The recommended dose is 360 mg with platinum-doublet chemotherapy on the same day for three 3-week cycles.
The Anatomy of a Lung Cancer
Earlier Immunotherapy for Lung Cancer
Cancer immunotherapy allows full activation of the body’s immune system by removing brakes. Immunotherapy is different from chemotherapy. It harnesses the power of your immune system to target your cancer. When doctors recommend immunotherapy for early-stage lung cancer, they’re usually talking about checkpoint inhibitors.
Here’s how this treatment works:
- Checkpoints are proteins on the surface of T cells, a type of immune cell. T cells attack harmful substances such as bacteria, viruses, and cancer cells. PD-1 is an example of a checkpoint.
- Lung cancer cells have their own protein, PD-L1, that activates PD-1 and tells the T cell to ignore them. You can think of PD-L1 as a cloak that hides the cancer cell from the immune system.
- The interaction between PD-1 and PD-L1 is like a switch that shuts off the immune response.
- Immunotherapy drugs called PD-1 and PD-L1 inhibitors flip the switch. They block these proteins to switch the immune response back on so that your immune system can kill the cancer cells.
One potential advantage of giving immunotherapy before as opposed to after surgery is that there is more tumor available — more “teaching material” — for the now fully-activated immune cells to recognize. After surgery, if the immune cells see cancer cells emerging they are trained to act and destroy.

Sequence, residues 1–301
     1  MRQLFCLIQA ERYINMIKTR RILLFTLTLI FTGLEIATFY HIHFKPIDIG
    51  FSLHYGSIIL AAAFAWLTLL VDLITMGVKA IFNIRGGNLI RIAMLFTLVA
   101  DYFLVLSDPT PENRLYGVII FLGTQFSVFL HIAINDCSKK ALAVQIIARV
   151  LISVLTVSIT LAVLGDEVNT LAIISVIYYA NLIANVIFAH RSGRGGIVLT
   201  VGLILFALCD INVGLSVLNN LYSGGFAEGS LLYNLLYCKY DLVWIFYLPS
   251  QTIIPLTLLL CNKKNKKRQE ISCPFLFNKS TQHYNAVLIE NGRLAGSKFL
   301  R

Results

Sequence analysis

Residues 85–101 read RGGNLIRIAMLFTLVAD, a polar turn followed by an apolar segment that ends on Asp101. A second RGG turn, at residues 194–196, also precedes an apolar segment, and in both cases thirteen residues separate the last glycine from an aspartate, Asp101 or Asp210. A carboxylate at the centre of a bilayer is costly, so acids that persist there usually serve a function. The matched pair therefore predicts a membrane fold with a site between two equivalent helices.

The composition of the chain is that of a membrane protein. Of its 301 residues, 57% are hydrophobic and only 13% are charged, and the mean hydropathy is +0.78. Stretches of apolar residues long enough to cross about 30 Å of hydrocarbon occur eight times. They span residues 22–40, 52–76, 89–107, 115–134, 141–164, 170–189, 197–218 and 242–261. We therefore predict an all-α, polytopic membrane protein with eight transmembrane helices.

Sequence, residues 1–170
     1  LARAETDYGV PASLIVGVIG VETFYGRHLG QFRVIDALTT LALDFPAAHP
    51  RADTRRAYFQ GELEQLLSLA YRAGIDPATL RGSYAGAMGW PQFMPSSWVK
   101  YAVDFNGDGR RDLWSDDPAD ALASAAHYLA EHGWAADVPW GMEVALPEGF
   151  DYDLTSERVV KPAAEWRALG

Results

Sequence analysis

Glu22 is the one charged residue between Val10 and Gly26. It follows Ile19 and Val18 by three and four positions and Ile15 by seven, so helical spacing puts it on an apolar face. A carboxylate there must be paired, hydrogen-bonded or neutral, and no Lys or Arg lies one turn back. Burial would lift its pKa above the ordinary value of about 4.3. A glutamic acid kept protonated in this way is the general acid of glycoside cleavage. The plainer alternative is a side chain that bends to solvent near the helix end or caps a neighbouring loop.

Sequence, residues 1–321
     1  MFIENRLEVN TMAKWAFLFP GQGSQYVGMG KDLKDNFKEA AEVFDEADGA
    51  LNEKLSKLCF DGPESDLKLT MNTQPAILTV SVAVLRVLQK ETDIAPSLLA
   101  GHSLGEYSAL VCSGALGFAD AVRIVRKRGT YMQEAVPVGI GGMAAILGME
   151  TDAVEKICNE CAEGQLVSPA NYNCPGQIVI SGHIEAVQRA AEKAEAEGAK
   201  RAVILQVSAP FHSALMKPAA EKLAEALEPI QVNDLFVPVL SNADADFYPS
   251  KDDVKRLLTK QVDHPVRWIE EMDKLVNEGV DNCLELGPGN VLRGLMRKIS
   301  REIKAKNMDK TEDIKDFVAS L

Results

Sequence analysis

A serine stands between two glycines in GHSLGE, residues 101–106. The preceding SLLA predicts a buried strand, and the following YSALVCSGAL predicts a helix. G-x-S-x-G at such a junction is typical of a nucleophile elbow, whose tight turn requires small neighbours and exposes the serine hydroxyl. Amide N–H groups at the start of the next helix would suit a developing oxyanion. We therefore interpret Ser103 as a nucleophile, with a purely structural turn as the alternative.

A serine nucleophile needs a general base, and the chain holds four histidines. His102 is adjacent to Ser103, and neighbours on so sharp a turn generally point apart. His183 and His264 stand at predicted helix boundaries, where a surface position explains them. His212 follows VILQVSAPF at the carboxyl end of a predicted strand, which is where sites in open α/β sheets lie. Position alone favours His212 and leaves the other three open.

“The approval of neoadjuvant nivolumab with chemotherapy for early-stage lung cancer patients is a major advancement for our lung cancer patients by moving immunotherapy even earlier in our treatment paradigm, thus allowing more of our lung cancer patients to benefit from immunotherapy,” Dr. Shum says. “The recent focus on drug approvals for early-stage lung cancer is an exciting milestone for patients as we continue to explore novel ways to further decrease the risk of recurrence and underscores the importance of lung cancer screening to detect early-stage lung cancer.”
Dr. Herzberg adds that the nivolumab approval is just the latest in an encouraging trend toward the expanded use of immunotherapy for lung cancer treatment. “This marks the third FDA approval of an immunotherapy drug for localized lung cancers, and the second in the past year,” he says. “For most patients with a localized lung cancer, and without a mutation in driver genes like EGFR or ALK, it is likely that immunotherapy will be an integral part of their treatment going forward.”
Questions to Ask Your Doctor
- Is my lung cancer operable (resectable), and is neoadjuvant therapy appropriate?
- If so, I a good candidate for immunotherapy, such as nivolumab?
- How long will this type of therapy prior to surgery (neoadjuvant therapy) take?
- What impact should the treatment have on surgery?
- What are the most common side effects of nivolumab? Are there other risks?
- How and when will we know if nivolumab has been effective?
What Happens When You Are First Diagnosed With Lung Cancer?